Most recently, 19 Yazidi girls were placed in cages and burned alive for refusing to have sex with their islamic state captors.
ONE BILLION RISING calls on global OBR activists to rise with and for our Yazidi sisters in solidarity.
OBR calls for the financial support of YAZDA who directly assist and help Yazidi women in Iraq and those displaced as refugees abroad. TheY provide shelter, counseling, food, clothing, psychological treatment, aid work to the women and girls – and also do educational work, genocide documentation and advocacy campaigns to keep sustained attention on the issue in the Yazidi women’s fight for survival and justice.
In particular, we would like to call for financial support for YAZDA’s Psychosocial Treatment and Trauma Support Center
In March 2015, Yazda set up a center in Kurdish-controlled Dohuk, northern Iraq, to address the extensive systematic abuse and sexual violence suffered by Yazidi women and girls held in IS or ISIL captivity.
This psychosocial treatment and trauma support center aims to simultaneously address the following:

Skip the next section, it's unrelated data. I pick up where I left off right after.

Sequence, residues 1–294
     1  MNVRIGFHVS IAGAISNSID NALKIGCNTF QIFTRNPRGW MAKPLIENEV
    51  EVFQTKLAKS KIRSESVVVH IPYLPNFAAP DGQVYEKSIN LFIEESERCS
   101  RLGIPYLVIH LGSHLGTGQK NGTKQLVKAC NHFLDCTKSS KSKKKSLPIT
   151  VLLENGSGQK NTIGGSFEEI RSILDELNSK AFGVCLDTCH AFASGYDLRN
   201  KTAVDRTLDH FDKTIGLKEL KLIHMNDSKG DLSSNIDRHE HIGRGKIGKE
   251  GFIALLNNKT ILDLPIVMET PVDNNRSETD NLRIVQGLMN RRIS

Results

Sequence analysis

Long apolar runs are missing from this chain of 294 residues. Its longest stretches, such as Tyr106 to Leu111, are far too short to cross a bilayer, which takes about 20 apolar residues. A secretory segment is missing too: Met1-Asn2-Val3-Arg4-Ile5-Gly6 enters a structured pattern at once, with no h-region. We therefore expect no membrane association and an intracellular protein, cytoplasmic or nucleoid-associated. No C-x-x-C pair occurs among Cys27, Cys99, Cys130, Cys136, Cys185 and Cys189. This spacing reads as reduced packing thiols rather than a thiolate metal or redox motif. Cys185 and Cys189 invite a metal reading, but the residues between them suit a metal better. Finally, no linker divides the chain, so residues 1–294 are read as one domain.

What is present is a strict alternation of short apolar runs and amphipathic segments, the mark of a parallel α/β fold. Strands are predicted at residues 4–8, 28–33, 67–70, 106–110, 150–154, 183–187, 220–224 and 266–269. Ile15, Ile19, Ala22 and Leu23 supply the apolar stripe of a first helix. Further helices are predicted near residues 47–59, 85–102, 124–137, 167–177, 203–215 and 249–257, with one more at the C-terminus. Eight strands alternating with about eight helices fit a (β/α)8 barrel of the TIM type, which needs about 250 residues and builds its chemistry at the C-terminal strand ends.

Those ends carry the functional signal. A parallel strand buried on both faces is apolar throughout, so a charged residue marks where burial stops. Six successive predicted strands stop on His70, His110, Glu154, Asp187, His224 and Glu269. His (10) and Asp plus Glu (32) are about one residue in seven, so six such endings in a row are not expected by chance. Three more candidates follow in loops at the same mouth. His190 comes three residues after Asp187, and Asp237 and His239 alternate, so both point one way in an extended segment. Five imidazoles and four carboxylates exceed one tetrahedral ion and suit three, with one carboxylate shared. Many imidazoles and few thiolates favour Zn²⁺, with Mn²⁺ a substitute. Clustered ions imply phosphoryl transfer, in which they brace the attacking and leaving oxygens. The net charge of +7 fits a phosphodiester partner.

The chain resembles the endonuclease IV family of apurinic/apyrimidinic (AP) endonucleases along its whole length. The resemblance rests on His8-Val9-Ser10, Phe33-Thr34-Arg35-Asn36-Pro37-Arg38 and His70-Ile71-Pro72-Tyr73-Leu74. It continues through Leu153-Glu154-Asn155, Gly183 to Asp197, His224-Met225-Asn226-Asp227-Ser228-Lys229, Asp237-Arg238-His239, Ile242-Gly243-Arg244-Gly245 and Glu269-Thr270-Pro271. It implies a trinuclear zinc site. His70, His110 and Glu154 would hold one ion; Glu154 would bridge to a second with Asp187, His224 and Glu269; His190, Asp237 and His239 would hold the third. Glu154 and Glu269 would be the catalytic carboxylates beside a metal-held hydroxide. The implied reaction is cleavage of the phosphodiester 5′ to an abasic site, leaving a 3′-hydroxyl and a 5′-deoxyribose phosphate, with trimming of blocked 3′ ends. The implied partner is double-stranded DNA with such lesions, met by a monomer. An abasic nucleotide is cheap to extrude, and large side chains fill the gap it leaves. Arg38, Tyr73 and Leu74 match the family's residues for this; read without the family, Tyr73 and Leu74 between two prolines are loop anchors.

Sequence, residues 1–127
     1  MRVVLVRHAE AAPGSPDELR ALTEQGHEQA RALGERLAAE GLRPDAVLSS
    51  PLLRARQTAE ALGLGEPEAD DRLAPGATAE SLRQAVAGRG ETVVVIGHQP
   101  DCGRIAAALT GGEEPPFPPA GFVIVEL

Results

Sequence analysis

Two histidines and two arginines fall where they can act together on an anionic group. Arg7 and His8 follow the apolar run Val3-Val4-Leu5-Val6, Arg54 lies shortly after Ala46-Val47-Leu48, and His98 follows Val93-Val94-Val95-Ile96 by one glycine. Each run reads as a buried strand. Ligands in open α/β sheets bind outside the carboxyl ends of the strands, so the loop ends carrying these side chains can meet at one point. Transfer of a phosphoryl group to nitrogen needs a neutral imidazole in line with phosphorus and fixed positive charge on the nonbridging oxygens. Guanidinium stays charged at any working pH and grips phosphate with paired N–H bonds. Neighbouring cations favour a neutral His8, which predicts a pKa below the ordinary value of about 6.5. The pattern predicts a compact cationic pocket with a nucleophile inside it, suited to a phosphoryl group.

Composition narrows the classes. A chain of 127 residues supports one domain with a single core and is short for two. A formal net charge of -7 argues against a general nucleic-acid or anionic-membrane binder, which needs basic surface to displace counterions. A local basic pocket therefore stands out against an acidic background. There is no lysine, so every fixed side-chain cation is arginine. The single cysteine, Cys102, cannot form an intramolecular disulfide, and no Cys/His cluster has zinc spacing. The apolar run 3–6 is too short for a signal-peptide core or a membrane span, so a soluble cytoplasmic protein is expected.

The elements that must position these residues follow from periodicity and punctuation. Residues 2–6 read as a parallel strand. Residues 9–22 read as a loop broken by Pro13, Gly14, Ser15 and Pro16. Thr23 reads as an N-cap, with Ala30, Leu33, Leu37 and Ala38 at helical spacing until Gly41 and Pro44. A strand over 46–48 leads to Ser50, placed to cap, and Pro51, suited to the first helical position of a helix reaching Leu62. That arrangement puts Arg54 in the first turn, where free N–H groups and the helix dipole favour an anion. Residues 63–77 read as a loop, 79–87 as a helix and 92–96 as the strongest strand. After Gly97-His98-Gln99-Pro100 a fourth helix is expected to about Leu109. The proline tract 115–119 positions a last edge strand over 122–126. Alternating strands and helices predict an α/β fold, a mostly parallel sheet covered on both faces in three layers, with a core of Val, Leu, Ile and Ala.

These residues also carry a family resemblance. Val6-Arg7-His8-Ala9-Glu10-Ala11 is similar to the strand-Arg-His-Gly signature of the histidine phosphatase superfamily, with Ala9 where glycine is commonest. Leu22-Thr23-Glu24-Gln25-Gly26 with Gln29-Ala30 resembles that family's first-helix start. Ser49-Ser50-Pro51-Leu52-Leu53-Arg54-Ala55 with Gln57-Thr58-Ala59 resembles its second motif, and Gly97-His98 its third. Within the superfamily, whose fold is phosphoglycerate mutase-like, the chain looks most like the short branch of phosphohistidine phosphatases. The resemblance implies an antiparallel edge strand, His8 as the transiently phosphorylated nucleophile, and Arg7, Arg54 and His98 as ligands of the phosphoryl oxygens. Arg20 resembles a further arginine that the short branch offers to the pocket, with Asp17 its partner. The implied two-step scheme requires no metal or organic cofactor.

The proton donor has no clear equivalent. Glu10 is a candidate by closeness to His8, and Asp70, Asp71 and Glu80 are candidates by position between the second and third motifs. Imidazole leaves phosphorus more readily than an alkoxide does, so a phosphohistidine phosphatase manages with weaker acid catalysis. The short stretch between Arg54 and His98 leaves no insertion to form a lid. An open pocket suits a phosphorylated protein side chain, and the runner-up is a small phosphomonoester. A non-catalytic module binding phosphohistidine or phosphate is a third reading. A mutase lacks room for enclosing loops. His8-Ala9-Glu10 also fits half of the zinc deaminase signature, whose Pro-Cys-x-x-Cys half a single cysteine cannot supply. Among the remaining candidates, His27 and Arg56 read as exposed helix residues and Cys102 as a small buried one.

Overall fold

As a global movement to end violence against women and children, One Billion Risings demands an end to all wars and military occupation by US and other Western forces which CAUSE, PERPETUATE AND KEEP THIS VIOLENCE IN PLACE.
OBR calls on the global media to keep highlighting the violence inflicted on of women caused by wars and occupation, and to report on the roots and causes of these wars so that global pressure can be used to hold the perpetrators of these wars accountable.
OBR calls on citizens of the world to RISE for JUSTICE for Nadia Murad and the Yazidi women in their call to secure accountability for the genocide, sexual enslavement and trafficking of their women and girls by IS or ISIL in Iraq.
OBR calls on the world to support their legal efforts to achieve accountability from the International Criminal Court (ICC) and for the prosecution of the crimes committed against Nadia Murad and the Yazidi community.
DEMAND AN END TO THE YAZIDI GENOCIDE!
DEMAND AN END TO THE ENSLAVEMENT AND SYSTEMATIC RAPES OF YAZIDI WOMEN!
DEMAND FOR LEGAL ACCOUNTABILITY!
RISE ON AUGUST 3 WITH SOLIDARITY ACTIONS TO HONOR THE GENOCIDAL ATTACK ON THE YAZIDI COMMUNITY – SO THAT IT WILL NEVER BE FORGOTTEN!
RISE TO DEMAND THE RELEASE OF THE CAPTURED 3,000 YAZIDI WOMEN1
(YAZDA, a global Yazidi organization, was established in 2014 to respond to the various needs of the Yazidi community after the self -proclaimed islamic State committed genocide against them in northern Iraq. The mission of YAZDA is to support the surviving victims of genocide and to ensure the future safety of the Yazidi ethnoreligious minority group. Know more about their work and ways to help and show solidarity by visiting their website: www.yazda.org. To make a donation please visit www.yazda.org/donations/